Prescription Drug Information: Docetaxel

DOCETAXEL- docetaxel injection, solution, concentrate
Jiangsu Hengrui Medicine Co., Ltd.

WARNING: TOXIC DEATHS, HEPATOTOXICITY, NEUTROPENIA, HYPERSENSITIVITY REACTIONS, and FLUID RETENTION

Treatment-related mortality associated with docetaxel is increased in patients with abnormal liver function, in patients receiving higher doses, and in patients with non-small cell lung carcinoma and a history of prior treatment with platinum-based chemotherapy who receive docetaxel as a single agent at a dose of 100 mg/m 2 [see Warnings and Precautions ( 5.1)].

Avoid the use of docetaxel in patients with bilirubin > upper limit of normal (ULN), or to patients with AST and/or ALT >1.5 x ULN concomitant with alkaline phosphatase >2.5 x ULN. Patients with elevations of bilirubin or abnormalities of transaminase concurrent with alkaline phosphatase are at increased risk for the development of severe neutropenia, febrile neutropenia, infections, severe thrombocytopenia, severe stomatitis, severe skin toxicity, and toxic death. Patients with isolated elevations of transaminase >1.5 x ULN also had a higher rate of febrile neutropenia. Measure bilirubin, AST or ALT, and alkaline phosphatase prior to each cycle of docetaxel [see Warnings and Precautions ( 5.2)].

Do not administer docetaxel to patients with neutrophil counts of <1500 cells/mm 3 . Monitor blood counts frequently as neutropenia may be severe and result in infection [see Warnings and Precautions ( 5.3)].

Do not administer docetaxel to patients who have a history of severe hypersensitivity reactions to docetaxel or to other drugs formulated with polysorbate 80 [see Contraindications ( 4 )]. Severe hypersensitivity reactions have been reported in patients despite dexamethasone premedication. Hypersensitivity reactions require immediate discontinuation of the docetaxel infusion and administration of appropriate therapy [see Warnings and Precautions ( 5.5 )].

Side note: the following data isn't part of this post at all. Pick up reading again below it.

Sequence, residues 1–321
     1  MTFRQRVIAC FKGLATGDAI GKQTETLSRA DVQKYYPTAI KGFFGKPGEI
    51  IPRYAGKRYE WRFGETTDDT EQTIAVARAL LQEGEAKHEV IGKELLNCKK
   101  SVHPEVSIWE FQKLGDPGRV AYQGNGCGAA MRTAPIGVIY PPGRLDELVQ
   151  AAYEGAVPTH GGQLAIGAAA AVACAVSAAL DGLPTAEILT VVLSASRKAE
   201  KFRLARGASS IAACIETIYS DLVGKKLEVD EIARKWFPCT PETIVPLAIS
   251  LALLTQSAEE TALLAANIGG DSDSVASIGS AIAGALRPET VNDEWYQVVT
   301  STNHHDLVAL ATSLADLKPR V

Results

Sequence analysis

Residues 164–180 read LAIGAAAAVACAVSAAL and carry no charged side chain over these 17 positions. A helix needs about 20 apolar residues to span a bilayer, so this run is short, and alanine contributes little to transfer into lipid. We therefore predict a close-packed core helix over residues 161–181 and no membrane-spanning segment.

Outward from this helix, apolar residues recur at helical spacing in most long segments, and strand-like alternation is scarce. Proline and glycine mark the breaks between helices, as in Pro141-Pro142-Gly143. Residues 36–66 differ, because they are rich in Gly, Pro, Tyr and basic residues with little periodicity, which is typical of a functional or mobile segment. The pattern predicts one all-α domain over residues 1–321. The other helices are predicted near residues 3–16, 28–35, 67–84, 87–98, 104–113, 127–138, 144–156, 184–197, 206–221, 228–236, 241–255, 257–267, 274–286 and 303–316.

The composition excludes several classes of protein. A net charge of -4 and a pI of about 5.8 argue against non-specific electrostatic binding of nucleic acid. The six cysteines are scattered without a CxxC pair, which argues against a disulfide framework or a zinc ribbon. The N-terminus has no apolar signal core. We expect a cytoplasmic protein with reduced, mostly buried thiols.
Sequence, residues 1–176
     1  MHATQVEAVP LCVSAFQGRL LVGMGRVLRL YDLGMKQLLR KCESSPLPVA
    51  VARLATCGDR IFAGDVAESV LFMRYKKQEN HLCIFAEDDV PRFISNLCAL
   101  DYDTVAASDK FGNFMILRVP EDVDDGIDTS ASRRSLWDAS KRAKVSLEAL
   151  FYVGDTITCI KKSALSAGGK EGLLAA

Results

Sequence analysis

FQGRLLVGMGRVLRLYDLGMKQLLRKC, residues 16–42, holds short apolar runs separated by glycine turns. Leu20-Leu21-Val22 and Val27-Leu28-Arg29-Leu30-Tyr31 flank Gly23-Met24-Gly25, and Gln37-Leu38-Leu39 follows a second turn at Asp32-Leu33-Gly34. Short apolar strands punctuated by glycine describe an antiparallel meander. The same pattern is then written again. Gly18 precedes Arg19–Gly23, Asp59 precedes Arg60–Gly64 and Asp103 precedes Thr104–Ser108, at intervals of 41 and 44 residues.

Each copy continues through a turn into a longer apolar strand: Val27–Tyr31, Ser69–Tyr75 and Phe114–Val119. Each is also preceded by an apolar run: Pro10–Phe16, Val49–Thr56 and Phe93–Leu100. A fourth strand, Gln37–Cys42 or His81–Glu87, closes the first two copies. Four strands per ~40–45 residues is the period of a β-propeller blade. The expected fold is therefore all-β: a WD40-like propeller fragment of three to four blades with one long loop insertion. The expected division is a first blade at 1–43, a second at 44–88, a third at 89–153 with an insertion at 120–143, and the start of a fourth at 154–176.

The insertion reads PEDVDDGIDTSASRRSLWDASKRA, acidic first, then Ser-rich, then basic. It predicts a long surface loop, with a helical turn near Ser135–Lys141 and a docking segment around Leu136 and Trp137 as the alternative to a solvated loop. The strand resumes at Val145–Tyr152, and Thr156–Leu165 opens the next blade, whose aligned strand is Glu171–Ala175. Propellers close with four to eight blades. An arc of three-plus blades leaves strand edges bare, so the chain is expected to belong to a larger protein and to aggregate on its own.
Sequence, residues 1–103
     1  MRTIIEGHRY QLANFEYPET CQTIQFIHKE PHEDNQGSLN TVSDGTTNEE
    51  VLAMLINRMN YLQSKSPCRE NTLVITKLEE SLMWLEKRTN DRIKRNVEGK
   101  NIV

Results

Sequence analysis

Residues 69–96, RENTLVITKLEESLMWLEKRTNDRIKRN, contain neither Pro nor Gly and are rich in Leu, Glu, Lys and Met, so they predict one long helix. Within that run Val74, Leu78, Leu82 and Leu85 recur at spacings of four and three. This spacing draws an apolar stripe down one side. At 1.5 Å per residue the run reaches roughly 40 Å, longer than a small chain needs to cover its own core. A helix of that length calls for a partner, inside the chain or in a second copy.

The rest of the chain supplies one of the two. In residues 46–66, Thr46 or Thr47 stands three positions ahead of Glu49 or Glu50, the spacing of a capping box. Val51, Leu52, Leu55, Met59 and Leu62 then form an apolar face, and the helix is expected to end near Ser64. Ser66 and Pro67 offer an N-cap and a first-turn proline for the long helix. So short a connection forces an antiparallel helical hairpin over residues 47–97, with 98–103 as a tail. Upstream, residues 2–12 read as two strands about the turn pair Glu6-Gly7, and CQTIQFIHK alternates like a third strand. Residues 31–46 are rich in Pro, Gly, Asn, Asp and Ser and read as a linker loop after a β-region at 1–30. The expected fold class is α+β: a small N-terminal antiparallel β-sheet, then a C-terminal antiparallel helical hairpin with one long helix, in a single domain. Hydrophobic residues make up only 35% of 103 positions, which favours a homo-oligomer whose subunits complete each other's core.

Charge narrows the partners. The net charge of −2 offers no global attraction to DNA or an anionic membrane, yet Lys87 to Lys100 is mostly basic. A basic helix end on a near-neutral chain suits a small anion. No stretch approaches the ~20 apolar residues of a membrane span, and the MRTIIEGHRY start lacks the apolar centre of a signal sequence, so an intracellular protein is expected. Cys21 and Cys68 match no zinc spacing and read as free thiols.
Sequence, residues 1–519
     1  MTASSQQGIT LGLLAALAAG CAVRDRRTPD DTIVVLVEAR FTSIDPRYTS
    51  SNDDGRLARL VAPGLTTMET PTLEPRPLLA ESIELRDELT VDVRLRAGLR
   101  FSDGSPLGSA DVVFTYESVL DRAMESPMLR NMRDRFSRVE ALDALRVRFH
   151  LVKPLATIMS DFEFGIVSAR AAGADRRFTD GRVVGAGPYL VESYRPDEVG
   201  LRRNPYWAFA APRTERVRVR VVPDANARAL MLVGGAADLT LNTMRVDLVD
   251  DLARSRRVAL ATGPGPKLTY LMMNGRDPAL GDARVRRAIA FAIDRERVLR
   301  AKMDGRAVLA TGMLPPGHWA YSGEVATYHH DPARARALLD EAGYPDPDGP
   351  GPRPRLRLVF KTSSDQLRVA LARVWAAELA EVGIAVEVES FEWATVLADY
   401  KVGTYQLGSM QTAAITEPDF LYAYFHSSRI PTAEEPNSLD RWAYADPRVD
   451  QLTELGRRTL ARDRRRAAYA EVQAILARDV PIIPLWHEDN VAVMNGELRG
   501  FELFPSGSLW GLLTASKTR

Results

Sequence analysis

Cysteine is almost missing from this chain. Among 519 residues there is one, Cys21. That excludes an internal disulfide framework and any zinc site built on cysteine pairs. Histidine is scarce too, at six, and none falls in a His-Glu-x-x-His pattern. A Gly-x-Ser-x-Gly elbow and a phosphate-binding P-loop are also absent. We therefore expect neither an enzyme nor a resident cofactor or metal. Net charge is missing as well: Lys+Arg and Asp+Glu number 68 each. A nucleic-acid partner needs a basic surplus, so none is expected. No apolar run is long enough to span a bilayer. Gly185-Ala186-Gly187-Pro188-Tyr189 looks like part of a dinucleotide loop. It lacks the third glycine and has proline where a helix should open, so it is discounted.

Severe fluid retention occurred in 6.5% (6/92) of patients despite use of dexamethasone premedication. It was characterized by one or more of the following events: poorly tolerated peripheral edema, generalized edema, pleural effusion requiring urgent drainage, dyspnea at rest, cardiac tamponade, or pronounced abdominal distention (due to ascites) [see Warnings and Precautions ( 5.6 )].

1 INDICATIONS AND USAGE

1.1 Breast Cancer

Docetaxel Injection is indicated for the treatment of patients with locally advanced or metastatic breast cancer after failure of prior chemotherapy.

Docetaxel Injection in combination with doxorubicin and cyclophosphamide is indicated for the adjuvant treatment of patients with operable node-positive breast cancer.

1.2 Non-small Cell Lung Cancer

Docetaxel Injection as a single agent is indicated for the treatment of patients with locally advanced or metastatic non-small cell lung cancer after failure of prior platinum-based chemotherapy.

Docetaxel Injection in combination with cisplatin is indicated for the treatment of patients with unresectable, locally advanced or metastatic non-small cell lung cancer who have not previously received chemotherapy for this condition.

1.3 Prostate Cancer

Docetaxel Injection in combination with prednisone is indicated for the treatment of patients with metastatic castration-resistant prostate cancer.

1.4 Gastric Adenocarcinoma

Docetaxel Injection in combination with cisplatin and fluorouracil is indicated for the treatment of patients with advanced gastric adenocarcinoma, including adenocarcinoma of the gastroesophageal junction, who have not received prior chemotherapy for advanced disease.

1.5 Head and Neck Cancer

Docetaxel Injection in combination with cisplatin and fluorouracil is indicated for the induction treatment of patients with locally advanced squamous cell carcinoma of the head and neck (SCCHN).

2 DOSAGE AND ADMINISTRATION

For all indications, toxicities may warrant dosage adjustments [see Dosage and Administration ( 2.7)] . Administer in a facility equipped to manage possible complications (e.g. anaphylaxis).

2.1 Breast Cancer

  • For locally advanced or metastatic breast cancer after failure of prior chemotherapy, the recommended dose of docetaxel injection is 60 mg/m 2 to 100 mg/m 2 administered intravenously over 1 hour every 3 weeks.